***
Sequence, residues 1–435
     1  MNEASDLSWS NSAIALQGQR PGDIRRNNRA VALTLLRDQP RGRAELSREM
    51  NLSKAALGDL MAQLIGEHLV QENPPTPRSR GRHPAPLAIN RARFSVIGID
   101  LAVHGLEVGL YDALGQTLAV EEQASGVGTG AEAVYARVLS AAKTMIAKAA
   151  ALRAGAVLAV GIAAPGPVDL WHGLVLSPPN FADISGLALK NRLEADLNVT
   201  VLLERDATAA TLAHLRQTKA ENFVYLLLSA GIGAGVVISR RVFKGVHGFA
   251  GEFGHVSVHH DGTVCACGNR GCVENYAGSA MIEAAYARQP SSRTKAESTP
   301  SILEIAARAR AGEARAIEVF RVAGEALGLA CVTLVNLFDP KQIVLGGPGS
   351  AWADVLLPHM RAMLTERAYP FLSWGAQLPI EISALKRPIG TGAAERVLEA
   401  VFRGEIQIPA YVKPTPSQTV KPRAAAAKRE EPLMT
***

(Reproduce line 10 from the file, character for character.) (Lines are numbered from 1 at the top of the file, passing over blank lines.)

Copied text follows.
   401  VFRGEIQIPA YVKPTPSQTV KPRAAAAKRE EPLMT